Friday, June 12, 2009

ChicagoSportsWebio.com's Meltdown

This evening, Crain's Ed Sherman reported that ChicagoSportsWebio's CEO had been bouncing checks this week. That CEO then fired Mike North, North's wife BeBe and Jeff Schwartz from the company. This is a HUGE story for a Friday night (or any night for that matter). As Mike North would say: "Whoooooah!

Right away, I have to say, big-time kudos to Ed Sherman. He has been doing a tremendous job that has been largely unnoticed by the general population, since he is blogging on the Crain's website, which doesn't get a lot of traffic. He has been breaking stories and uncovering information about sports & sports media the past few weeks that has not been covered anywhere else. He was the first to announce the bizarre situation melting down at ChicagoSportsWebio, too. He deserves a lot of credit for his work this spring & summer.

Now for the big story: ChicagoSportsWebio.com. Many negative naysayers said it wouldn't work -- largely because of their dislike of Mike North, a very polarizing media figure. CSW (It takes too long to type that name out. It's getting abbreviated for the rest of this rant.) should work and could work. It is the future of radio and the ideas, goals & efforts put into it were all pointing it in the right directions. This week, all of CSW's upward momentum crashed to the ground like a Wiley Coyote-built flying machine.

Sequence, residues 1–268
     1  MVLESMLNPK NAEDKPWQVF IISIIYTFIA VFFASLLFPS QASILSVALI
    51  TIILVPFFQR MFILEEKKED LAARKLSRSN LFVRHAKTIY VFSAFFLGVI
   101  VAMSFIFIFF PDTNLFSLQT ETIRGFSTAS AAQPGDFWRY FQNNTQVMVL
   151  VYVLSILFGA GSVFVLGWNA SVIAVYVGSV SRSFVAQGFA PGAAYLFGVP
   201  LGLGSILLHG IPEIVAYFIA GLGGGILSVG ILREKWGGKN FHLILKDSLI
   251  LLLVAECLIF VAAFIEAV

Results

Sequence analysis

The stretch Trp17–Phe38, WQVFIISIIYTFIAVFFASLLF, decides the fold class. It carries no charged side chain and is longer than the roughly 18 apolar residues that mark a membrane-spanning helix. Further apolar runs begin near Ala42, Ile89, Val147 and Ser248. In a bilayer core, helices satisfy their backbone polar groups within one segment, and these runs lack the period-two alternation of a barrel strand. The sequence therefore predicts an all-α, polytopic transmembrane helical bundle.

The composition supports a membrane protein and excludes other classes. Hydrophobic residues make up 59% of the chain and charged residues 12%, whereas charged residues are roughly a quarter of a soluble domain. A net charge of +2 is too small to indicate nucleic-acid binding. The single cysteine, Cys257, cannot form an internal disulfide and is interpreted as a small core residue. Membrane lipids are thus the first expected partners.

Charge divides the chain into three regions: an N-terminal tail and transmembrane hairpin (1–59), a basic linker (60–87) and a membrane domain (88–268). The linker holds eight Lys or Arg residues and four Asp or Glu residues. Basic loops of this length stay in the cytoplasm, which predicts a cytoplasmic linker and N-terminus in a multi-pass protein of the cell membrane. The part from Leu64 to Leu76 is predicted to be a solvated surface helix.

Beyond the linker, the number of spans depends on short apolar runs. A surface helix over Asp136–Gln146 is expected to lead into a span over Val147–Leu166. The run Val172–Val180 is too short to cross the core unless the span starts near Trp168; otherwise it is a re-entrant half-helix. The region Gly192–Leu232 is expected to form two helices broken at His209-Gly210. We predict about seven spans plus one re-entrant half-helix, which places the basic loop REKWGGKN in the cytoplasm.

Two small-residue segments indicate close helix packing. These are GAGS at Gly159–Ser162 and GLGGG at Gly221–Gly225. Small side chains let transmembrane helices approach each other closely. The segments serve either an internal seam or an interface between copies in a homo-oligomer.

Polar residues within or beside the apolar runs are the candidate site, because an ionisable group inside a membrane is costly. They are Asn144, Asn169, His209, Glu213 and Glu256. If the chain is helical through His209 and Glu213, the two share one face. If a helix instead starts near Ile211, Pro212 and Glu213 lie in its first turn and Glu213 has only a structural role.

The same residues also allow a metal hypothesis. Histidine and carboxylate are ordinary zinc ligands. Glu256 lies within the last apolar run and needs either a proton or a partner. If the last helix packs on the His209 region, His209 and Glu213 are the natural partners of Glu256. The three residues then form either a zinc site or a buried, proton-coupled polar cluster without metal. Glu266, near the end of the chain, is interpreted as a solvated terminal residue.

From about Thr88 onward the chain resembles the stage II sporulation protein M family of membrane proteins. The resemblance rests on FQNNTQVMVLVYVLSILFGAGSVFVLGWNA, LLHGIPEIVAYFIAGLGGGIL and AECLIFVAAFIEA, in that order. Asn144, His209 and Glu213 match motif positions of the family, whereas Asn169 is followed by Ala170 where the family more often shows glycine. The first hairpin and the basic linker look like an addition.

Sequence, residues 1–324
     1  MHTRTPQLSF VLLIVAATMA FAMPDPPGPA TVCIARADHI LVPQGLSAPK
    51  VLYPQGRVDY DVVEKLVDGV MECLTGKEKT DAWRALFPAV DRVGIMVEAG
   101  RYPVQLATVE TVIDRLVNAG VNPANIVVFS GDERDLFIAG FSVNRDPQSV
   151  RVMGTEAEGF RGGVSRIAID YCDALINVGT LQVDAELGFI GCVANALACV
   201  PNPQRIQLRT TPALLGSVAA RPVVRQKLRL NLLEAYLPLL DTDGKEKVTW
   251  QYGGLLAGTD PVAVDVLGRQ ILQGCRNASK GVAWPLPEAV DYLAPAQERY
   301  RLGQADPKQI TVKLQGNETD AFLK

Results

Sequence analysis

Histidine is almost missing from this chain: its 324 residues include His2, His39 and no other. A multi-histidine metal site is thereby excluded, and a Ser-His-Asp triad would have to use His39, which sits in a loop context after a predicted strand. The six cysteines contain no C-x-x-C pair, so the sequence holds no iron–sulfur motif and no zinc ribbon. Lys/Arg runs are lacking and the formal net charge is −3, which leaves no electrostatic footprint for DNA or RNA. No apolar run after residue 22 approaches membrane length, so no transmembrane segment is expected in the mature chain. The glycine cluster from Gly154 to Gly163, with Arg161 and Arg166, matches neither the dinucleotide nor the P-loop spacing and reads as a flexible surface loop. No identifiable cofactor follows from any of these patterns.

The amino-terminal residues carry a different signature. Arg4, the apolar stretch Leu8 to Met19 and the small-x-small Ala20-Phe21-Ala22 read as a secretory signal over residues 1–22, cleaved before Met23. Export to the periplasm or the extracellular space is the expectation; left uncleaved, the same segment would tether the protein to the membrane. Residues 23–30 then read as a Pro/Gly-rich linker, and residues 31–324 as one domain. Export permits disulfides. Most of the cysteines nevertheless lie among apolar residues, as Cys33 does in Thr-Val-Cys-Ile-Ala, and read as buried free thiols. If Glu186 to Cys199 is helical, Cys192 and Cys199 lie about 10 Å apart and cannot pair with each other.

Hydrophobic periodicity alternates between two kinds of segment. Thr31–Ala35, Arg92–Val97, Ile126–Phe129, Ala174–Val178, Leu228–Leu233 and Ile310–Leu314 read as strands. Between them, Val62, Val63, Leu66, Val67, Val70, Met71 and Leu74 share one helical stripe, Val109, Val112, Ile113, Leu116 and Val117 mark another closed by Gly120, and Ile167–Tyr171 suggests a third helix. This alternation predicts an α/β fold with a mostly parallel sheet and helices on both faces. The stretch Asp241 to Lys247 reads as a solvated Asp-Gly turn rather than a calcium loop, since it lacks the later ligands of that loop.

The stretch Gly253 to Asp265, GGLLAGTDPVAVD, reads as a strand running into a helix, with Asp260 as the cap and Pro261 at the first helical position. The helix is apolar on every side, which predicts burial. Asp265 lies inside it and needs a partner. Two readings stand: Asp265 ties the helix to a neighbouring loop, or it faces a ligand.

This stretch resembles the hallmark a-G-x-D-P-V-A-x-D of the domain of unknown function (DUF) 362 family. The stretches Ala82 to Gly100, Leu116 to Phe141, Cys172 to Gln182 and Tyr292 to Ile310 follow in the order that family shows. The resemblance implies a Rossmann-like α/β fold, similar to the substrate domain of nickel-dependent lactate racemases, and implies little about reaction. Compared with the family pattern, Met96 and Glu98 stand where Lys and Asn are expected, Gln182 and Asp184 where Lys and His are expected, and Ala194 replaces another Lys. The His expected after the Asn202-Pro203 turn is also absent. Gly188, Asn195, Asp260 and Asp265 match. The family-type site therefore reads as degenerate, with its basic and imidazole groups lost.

As much as the negative naysayers are probably high-fiving themselves over a beer tonight, cheering a Mike North firing, it was not Mike North that messed up CSW. It is now publicly clear that the fault lies with David Hernandez. It was not Mike North who mismanaged funds, bounced checks and caused an uproar at CSW. It was Hernandez's end of the bargain at CSW that was dropped. As CEO, the blame falls squarely on his shoulders. Today, the funds were not the only thing he mismanaged. He mismanaged the most important people in the company in Mike North & Jeff Schwartz. North was the gasoline in the engine that kept it chuggin' along at a great pace. He was the main figurehead & voice. Most of all, he was the station's biggest & best pitchman. Say what you want about Mike North's sports personality persona, but you cannot take away the man's selling skills. North could sell water to a drowning man. The other secret superhero behind CSW is/was Jeff Schwartz. David Hernandez did not assemble that team of personalities, reporters, producers & staff. "Spaceball" had his hand in all of that, along with the selling of the concept to numerous advertisers. The messed-up ego of David Hernandez may not see it this way, but CSW WAS Mike North & Jeff Schwartz. Firing those two is like firing Mick Jagger & Keith Richards from the Rolling Stones.